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Cycling Farcilities

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We all know that many cycling "facilities" are farcical, put in by a local authority that wants to be seen to be doing its bit to encourage cycling without actually having to put any effort in, or simply designed by incompetent planners. This page is dedicated to cycling farcilities in Bristol and South Gloucestershire. For farcilities elsewhere, the links at the bottom of the page are well worth following.

To be fair, some of the cyclepaths round here are pretty good (although there are many that are too narrow and have poor lines of sight). A lot of them are just made farcical by the barriers put in to stop us getting our bikes onto the paths in the first place.

Avon Ring Road Path

Bollards on the Bath-Bristol Cyclepath - This isn't the first farcility I photographed, but it's the first I put on WWW. I pass between these bollards twice a day on my commute. Campaigning against them persuaded me that South Gloucestershire Council really doesn't care about the safety of cyclists - click on the picture for much more detail. (Picture taken 06/12/01)

Cyclepath along Coronation Road in the centre of Bristol - This was the first Bristol farcility I photographed. The picture speaks for itself. (Picture taken July 2001)

"Safety" gates on a cyclepath - Siston Common - A friend pointed these gates out to me after they appeared on his commute. They're at the bottom of a hill with no lights and no reflectives, near enough invisible after dark. This road leads from one cyclepath to another. It seems that the purpose of these gates is to slow cyclists down - terminally. (Picture taken 16/09/02)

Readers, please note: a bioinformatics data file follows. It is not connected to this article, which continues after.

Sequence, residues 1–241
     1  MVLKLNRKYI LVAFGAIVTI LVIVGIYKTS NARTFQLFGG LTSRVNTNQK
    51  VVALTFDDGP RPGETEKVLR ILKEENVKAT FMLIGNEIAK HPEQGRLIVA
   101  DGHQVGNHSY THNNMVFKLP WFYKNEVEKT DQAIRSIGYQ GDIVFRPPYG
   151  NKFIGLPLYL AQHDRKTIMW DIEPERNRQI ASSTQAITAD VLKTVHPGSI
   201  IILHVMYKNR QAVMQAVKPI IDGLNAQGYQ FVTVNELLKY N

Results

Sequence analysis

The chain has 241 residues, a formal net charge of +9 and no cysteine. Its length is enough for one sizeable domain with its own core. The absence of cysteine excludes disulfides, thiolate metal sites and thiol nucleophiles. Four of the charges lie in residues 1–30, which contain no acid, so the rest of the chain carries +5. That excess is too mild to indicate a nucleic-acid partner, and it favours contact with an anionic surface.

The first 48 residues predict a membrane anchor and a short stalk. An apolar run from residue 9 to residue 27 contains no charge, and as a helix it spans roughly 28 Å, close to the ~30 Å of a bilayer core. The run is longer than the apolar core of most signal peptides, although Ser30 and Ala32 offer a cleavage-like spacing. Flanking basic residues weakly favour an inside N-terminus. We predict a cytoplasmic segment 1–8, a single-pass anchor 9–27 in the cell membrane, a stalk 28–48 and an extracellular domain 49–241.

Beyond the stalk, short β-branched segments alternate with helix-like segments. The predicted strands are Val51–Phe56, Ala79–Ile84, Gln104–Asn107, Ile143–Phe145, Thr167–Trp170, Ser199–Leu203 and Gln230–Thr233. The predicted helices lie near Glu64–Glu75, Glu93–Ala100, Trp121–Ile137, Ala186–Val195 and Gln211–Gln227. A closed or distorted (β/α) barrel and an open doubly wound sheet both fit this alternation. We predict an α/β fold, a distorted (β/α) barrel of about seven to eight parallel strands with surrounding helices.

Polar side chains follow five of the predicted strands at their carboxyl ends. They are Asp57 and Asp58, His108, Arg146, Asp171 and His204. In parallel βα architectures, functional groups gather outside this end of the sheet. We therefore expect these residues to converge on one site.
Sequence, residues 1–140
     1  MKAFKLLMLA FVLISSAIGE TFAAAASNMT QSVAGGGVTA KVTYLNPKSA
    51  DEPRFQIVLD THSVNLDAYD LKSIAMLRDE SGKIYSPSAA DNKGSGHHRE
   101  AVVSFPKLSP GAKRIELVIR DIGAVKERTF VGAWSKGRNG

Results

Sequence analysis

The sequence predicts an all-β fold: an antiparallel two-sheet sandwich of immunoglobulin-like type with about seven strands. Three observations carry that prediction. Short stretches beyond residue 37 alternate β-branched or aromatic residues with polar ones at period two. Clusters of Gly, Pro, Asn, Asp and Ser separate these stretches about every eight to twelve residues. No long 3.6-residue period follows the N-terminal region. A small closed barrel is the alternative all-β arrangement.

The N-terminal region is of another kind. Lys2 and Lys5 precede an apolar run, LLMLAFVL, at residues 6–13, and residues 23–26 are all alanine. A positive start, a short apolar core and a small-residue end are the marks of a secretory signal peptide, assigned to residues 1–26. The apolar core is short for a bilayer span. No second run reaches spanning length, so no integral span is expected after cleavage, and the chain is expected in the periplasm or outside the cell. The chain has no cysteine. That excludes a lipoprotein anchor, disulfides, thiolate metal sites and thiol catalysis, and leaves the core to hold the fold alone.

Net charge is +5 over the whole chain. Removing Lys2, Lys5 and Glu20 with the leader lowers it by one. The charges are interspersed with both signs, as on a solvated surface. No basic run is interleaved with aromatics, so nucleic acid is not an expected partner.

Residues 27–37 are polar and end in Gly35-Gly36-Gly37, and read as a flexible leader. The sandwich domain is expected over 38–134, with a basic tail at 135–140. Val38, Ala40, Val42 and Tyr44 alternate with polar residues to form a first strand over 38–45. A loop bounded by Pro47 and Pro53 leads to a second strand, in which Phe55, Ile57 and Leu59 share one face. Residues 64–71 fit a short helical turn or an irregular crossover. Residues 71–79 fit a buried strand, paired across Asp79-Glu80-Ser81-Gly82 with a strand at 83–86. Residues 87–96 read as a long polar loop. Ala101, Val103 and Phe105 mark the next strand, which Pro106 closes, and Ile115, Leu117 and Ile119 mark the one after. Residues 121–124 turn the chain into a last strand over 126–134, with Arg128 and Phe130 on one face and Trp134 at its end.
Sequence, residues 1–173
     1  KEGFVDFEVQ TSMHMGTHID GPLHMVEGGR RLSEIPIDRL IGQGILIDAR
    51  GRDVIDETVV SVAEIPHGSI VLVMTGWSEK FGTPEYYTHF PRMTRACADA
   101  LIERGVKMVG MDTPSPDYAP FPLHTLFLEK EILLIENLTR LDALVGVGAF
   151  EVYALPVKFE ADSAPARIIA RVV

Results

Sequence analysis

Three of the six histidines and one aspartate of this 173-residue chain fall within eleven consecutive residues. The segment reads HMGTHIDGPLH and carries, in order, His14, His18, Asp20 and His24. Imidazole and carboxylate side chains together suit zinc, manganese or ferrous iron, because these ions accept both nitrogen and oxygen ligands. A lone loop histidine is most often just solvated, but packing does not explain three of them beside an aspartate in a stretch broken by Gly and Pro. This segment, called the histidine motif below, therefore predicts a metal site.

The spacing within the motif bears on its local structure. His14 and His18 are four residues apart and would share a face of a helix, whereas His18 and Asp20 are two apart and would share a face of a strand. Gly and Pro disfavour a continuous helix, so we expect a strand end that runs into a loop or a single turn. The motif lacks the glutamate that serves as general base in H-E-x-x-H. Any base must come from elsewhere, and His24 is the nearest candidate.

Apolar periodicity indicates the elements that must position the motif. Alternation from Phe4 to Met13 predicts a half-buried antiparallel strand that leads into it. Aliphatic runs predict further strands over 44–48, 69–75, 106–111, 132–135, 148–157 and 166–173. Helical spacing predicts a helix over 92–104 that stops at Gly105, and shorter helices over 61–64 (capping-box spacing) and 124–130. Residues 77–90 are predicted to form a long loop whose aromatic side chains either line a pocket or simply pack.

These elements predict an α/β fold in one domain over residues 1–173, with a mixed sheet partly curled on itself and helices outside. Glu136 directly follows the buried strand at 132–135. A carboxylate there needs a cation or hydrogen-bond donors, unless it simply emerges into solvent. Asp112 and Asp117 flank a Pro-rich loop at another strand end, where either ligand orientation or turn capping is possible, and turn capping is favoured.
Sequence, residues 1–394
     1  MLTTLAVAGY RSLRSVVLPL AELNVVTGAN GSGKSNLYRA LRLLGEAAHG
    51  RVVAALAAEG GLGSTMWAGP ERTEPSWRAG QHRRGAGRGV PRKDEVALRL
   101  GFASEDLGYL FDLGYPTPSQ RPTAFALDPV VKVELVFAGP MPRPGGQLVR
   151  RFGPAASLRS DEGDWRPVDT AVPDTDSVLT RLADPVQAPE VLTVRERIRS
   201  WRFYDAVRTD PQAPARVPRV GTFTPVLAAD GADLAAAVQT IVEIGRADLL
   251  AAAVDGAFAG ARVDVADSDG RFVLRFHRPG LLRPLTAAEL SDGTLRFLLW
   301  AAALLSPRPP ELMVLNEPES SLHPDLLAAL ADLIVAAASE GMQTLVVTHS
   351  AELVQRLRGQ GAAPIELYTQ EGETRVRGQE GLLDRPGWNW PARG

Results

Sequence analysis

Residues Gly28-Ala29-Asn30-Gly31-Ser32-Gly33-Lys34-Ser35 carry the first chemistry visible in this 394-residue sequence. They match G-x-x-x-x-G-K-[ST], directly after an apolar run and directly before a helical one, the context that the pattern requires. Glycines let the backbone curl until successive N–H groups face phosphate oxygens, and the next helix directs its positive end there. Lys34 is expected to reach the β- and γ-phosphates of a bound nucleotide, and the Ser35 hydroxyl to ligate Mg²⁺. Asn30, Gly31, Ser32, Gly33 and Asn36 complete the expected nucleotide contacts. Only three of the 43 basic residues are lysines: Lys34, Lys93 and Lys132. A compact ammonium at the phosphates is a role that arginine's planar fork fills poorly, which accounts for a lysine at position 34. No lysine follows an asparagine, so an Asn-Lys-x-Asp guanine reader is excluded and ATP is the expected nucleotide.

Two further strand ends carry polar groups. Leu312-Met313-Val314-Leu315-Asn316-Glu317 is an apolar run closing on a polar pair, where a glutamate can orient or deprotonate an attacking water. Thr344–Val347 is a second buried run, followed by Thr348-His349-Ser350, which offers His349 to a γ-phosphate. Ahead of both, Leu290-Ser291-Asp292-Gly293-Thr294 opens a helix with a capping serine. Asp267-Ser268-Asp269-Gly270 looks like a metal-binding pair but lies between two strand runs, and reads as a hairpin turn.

"Safety" gates on a cyclepath - Siston Common - The only possible reason I can see for these gates is to force cyclists to stop when they reach the road. They were clearly not designed with family cycling in mind - I had quite a job getting Jenny's trailer through the gap. (Picture taken 02/03/03)

"Safety" gates on the Bristol ring road cyclepath - Muirfield, Kingswood - Going one way, you come round a bend and immediately encounter these. A bit further round the bend there's another identical set. Going the other way, they're at the top of a steep hill climbing out from a ring road underpass, just before a blind bend. I can see the need for something to slow cyclists travelling in the downhill direction, but what sort of idiot planner comes up with a blind bend on a steep hill when designing a cyclepath? I certainly wouldn't be able to negotiate these if I was towing Jenny's trailer. (Picture taken 03/04/03)

"Safety" gates on the Bristol ring road cyclepath - Tower Lane - A little further on you come to an underpass crossing the ring road between Tower Lane and Wraxall Road. And again, there's another set of barriers to negotiate to actually reach the underpass. (Picture taken 03/04/03)

"Safety" gates on the Bristol ring road cyclepath - Wraxall Road, Kingswood - To get to Cock Road from the ring road cyclepath, you go under the underpass pictured above and up a steep slope, to be met by these gates at the top (the cars in the picture are queueing to join the ring road). At least there's a slope there now - when I first moved to Kingswood, it was just steps and a cyclepath sign! Even so, I wouldn't want to meet someone coming the other way on that steep and narrow path.